Access

You are not currently logged in.

Access your personal account or get JSTOR access through your library or other institution:

login

Log in to your personal account or through your institution.

If you need an accessible version of this item please contact JSTOR User Support

Symbolic Interactionism vs. Ethnomethodology

Mary J. Gallant and Sherryl Kleinman
Symbolic Interaction
Vol. 6, No. 1 (Spring 1983), pp. 1-18
Published by: Wiley on behalf of the Society for the Study of Symbolic Interaction
DOI: 10.1525/si.1983.6.1.1
Stable URL: http://www.jstor.org/stable/10.1525/si.1983.6.1.1
Page Count: 18
  • Download ($42.00)
  • Subscribe ($19.50)
  • Cite this Item
Item Type
Article
References
If you need an accessible version of this item please contact JSTOR User Support
Symbolic Interactionism vs. Ethnomethodology
Preview not available

Abstract

Are ethnomethodology and symbolic interactionism essentially the same? An examination of these perspectives suggests that each offers a unique contribution to sociological knowledge. Although both perspectives have been influenced by pragmatism, ethnomethodology shares affinity with James' philosophy while symbolic interactionism is allied with Dewey's and Mead's. Both perspectives emphasize meaning and constraints, but each offers critically different conceptualizations of them. Symbolic interactionism and ethnomethodology share a verstehen outlook, yet each perspective uses different methods to gain “understanding.” Hence, these perspectives differ philosophically, conceptually, and methodologically.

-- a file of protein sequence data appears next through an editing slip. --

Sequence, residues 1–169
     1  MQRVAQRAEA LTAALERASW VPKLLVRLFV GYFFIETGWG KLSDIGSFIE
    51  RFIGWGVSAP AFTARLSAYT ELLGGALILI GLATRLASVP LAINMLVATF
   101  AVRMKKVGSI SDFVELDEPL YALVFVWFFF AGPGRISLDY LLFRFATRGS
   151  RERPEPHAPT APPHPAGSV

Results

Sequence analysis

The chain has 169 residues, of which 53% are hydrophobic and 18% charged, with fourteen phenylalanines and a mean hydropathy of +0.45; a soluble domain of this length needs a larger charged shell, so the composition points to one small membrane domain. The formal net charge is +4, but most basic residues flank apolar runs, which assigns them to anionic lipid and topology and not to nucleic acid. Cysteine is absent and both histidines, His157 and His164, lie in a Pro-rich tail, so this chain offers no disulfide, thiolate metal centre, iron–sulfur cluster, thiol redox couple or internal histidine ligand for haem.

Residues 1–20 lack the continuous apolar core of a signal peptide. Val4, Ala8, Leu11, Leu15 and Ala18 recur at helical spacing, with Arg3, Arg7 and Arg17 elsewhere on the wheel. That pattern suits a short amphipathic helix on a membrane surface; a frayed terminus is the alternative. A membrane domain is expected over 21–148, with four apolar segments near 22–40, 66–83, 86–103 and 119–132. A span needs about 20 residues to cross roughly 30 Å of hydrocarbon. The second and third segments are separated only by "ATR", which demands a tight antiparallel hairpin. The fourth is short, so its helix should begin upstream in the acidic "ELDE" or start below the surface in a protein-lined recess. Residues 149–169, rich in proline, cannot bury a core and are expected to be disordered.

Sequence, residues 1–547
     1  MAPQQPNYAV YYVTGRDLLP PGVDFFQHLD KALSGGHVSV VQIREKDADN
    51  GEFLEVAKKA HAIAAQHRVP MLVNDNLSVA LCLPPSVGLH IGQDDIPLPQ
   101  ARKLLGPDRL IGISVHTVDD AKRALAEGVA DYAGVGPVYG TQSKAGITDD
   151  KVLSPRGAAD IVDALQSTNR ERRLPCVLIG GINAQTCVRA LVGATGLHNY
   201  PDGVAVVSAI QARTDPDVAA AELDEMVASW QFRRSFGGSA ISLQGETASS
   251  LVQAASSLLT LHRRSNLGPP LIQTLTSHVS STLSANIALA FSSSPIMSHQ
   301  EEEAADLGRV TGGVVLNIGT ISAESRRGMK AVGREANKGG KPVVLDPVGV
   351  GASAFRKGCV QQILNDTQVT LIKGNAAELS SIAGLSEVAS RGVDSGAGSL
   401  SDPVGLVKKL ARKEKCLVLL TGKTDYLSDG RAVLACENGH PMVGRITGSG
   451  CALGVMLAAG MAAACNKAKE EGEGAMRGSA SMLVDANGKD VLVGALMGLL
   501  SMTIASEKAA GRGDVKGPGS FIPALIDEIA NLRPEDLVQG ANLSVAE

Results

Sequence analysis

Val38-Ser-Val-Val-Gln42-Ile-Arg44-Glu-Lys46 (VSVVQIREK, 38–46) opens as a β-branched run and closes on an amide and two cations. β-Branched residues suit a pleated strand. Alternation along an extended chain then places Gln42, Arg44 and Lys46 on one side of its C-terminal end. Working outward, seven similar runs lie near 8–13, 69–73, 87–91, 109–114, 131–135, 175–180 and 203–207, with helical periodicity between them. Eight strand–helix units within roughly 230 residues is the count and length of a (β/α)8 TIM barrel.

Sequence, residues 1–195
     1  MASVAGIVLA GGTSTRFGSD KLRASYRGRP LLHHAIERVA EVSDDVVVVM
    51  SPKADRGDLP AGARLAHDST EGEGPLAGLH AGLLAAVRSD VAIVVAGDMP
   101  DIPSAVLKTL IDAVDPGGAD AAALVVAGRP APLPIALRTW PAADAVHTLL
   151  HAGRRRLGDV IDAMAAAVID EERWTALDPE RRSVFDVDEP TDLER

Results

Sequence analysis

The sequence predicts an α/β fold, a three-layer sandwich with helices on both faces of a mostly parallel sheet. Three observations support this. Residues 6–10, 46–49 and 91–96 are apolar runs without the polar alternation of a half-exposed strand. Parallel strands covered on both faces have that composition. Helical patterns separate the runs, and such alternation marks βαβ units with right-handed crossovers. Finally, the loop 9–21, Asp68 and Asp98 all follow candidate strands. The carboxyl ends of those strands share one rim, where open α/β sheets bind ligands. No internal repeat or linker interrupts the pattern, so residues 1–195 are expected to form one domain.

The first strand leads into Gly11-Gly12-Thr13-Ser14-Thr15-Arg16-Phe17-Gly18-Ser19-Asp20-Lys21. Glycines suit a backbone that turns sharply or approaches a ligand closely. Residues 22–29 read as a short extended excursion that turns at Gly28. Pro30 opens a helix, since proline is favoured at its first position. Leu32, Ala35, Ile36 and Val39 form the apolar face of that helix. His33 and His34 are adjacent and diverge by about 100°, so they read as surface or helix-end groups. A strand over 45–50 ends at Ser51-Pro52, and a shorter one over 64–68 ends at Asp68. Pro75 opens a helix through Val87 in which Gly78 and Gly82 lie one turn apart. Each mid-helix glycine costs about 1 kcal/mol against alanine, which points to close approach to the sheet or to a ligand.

Page Thumbnails